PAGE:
Winner of Oprah's first "Chutzpah Award" for boldness, Irshad Manji is among the world's most visible - and vocal - Muslim reformers. In this audio book, narrated by her, Irshad explains the disturbing attitudes with which too many of her fellow Muslims practice Islam today: Arab cultural tribalism posing as pure faith. An uncritical approach to the Quran as the final and therefore superior word of God. And a rejection of universal human rights as if they are incompatible with the Divine. As a faithful Muslim, Irshad shows that Islam has the raw material to rectify these injustices. Irshad offers a practical vision of how reform-minded Muslim can empower women, promote respect for religious minorities and foster a competition of ideas. This vision builds on "ijtihad" (ij-tee-had), Islam's lost tradition of independent thinking. Irshad Manji's message for Muslims and non-Muslims? Dare to ask questions - out loud. In this audio book, her voices rings clearly, compassionately and passionately. You will love the musical surprises, too!
Bonus Audio: Purchasers of this title also receive "How I Got Moral Courage - And You Can, Too", a speech by Irshad Manji at New York University.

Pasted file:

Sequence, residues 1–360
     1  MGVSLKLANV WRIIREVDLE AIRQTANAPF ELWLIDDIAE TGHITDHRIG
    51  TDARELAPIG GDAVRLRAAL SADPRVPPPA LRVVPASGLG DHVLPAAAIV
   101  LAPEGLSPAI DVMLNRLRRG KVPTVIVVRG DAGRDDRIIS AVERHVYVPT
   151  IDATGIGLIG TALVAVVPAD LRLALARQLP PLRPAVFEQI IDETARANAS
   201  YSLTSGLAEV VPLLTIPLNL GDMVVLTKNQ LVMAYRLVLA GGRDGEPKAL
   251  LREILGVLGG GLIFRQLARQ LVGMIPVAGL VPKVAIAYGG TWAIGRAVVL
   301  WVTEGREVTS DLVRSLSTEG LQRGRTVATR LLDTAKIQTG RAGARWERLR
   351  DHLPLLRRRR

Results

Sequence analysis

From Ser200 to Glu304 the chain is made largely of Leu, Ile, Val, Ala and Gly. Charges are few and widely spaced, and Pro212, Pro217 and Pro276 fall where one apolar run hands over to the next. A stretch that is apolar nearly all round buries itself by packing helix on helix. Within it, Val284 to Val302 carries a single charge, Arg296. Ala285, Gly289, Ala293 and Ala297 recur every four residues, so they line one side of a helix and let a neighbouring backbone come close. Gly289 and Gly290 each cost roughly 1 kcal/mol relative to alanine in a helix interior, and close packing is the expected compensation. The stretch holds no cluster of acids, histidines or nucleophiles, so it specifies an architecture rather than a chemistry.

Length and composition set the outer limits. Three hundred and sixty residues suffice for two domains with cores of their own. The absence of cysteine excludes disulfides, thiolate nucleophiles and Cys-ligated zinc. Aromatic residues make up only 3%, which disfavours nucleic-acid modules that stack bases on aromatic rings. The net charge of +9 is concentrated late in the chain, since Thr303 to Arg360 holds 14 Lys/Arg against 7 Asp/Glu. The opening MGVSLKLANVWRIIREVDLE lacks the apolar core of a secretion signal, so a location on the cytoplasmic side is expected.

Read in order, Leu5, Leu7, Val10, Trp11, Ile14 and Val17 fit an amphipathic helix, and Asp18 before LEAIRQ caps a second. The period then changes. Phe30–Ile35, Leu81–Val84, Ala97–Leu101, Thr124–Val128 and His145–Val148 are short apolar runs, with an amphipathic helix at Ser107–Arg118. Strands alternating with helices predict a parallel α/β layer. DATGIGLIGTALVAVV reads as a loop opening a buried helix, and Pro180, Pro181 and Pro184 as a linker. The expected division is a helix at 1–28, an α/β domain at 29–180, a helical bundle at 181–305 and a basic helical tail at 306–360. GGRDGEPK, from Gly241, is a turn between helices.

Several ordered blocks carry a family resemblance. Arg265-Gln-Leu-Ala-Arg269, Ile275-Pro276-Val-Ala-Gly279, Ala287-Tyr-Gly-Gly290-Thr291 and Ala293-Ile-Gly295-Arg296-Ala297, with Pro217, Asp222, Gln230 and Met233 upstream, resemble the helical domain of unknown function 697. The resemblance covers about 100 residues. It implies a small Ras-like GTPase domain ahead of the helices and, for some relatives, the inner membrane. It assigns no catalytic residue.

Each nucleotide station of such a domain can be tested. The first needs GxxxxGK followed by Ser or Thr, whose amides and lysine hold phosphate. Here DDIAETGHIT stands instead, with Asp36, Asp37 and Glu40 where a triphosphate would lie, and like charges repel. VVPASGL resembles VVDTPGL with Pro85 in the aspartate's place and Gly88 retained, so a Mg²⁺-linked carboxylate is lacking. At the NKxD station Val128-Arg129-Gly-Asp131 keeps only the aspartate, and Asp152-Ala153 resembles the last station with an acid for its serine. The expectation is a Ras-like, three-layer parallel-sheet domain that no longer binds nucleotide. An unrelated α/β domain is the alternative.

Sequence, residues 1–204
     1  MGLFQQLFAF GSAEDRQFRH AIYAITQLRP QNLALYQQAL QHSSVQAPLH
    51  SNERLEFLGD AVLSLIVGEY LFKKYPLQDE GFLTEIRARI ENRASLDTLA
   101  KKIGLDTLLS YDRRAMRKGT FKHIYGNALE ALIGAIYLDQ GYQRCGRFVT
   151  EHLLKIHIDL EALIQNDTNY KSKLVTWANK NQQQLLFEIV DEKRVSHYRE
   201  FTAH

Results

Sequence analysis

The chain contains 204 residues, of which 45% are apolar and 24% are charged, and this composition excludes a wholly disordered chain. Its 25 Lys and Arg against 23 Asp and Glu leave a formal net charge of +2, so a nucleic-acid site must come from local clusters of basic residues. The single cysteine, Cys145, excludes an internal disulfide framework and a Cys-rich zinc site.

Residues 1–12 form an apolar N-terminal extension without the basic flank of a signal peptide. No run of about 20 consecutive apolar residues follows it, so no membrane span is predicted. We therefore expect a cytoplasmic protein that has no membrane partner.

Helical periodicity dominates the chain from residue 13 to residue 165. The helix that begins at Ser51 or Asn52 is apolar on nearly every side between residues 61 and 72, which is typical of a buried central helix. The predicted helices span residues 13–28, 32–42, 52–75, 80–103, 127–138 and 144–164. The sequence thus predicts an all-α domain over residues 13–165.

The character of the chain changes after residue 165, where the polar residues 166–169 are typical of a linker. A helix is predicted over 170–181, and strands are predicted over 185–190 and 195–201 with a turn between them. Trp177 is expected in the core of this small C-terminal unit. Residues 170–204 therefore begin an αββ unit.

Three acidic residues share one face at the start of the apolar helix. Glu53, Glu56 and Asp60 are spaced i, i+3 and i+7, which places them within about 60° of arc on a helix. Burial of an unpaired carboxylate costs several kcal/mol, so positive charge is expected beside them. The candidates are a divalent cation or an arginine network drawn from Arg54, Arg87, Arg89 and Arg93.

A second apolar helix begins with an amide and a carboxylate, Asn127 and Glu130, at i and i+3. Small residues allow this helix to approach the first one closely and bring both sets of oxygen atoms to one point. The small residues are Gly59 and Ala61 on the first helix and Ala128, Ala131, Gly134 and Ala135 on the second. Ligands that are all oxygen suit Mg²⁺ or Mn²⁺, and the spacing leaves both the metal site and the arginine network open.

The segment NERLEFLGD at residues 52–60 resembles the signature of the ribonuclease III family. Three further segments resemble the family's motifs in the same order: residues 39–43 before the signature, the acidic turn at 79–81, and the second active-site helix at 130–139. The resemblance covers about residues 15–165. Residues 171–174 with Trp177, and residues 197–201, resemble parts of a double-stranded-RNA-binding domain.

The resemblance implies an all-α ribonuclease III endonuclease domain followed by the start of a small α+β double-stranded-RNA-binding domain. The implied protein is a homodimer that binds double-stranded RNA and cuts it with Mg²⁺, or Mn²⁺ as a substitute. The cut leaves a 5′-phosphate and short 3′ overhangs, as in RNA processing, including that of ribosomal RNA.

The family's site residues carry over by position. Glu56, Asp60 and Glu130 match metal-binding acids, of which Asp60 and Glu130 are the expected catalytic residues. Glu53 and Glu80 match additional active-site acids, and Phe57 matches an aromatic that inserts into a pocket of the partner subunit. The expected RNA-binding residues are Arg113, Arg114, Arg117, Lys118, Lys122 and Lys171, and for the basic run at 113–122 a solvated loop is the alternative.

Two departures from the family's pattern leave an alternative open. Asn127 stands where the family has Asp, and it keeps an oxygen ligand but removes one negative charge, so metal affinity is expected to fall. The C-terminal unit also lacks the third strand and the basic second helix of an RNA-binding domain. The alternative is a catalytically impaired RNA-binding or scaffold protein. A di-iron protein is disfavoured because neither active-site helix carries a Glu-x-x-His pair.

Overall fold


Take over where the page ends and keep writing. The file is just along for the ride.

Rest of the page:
©2011 Irshad Manjii (P)2011 Mosaic Media
“[Irshad Manji] is Osama Bin Laden’s worst nightmare.” (The New York Times)
“One of the most hard-hitting analyses of Islam to appear since the September 11 attacks.” (Philadelphia Inquirer)
“This fraudulent book has now become a guide to Islam...” (Arab News (Saudi Arabia))
I like the author but knew very little about the subject matter. I now really like the author and I know a little more about Muslims. I'm looking forward to future audiobooks from Irshad.
I bet you think I'm yet another fundie terrorist writing this review. Hardly! I qualify for the title refusenik too. I grew up muslim but semi-abandoned it after a much soul searching and research. Yes, most of Islam is man-made crap. Yes, lots of muslims are inflexible and narrow-minded. Yes, muslims accuse Israel but really should get their own house in order. Yes, yes, yes - I agree with much of what Irshad Manji says.
So, why do I hate this book?
Very simply, it reads like a long rant. Ms Manji offers nothing. She just comes across as angry and uninterested in finding the truth or some higher understanding. She just wants to rant and let you the reader know she's angry. On and on it goes. Well, I got it. Sometimes a rose is just a rose and a book is just a rant from an angry lesbian.
I'll say this though, Ms Manji is a good narrator.
Her energy and presence.
Disappointed. I was expecting more from this popular author.
This book is an utter waste of time. It is not a scholarly or balanced critique of its subject, Islam.
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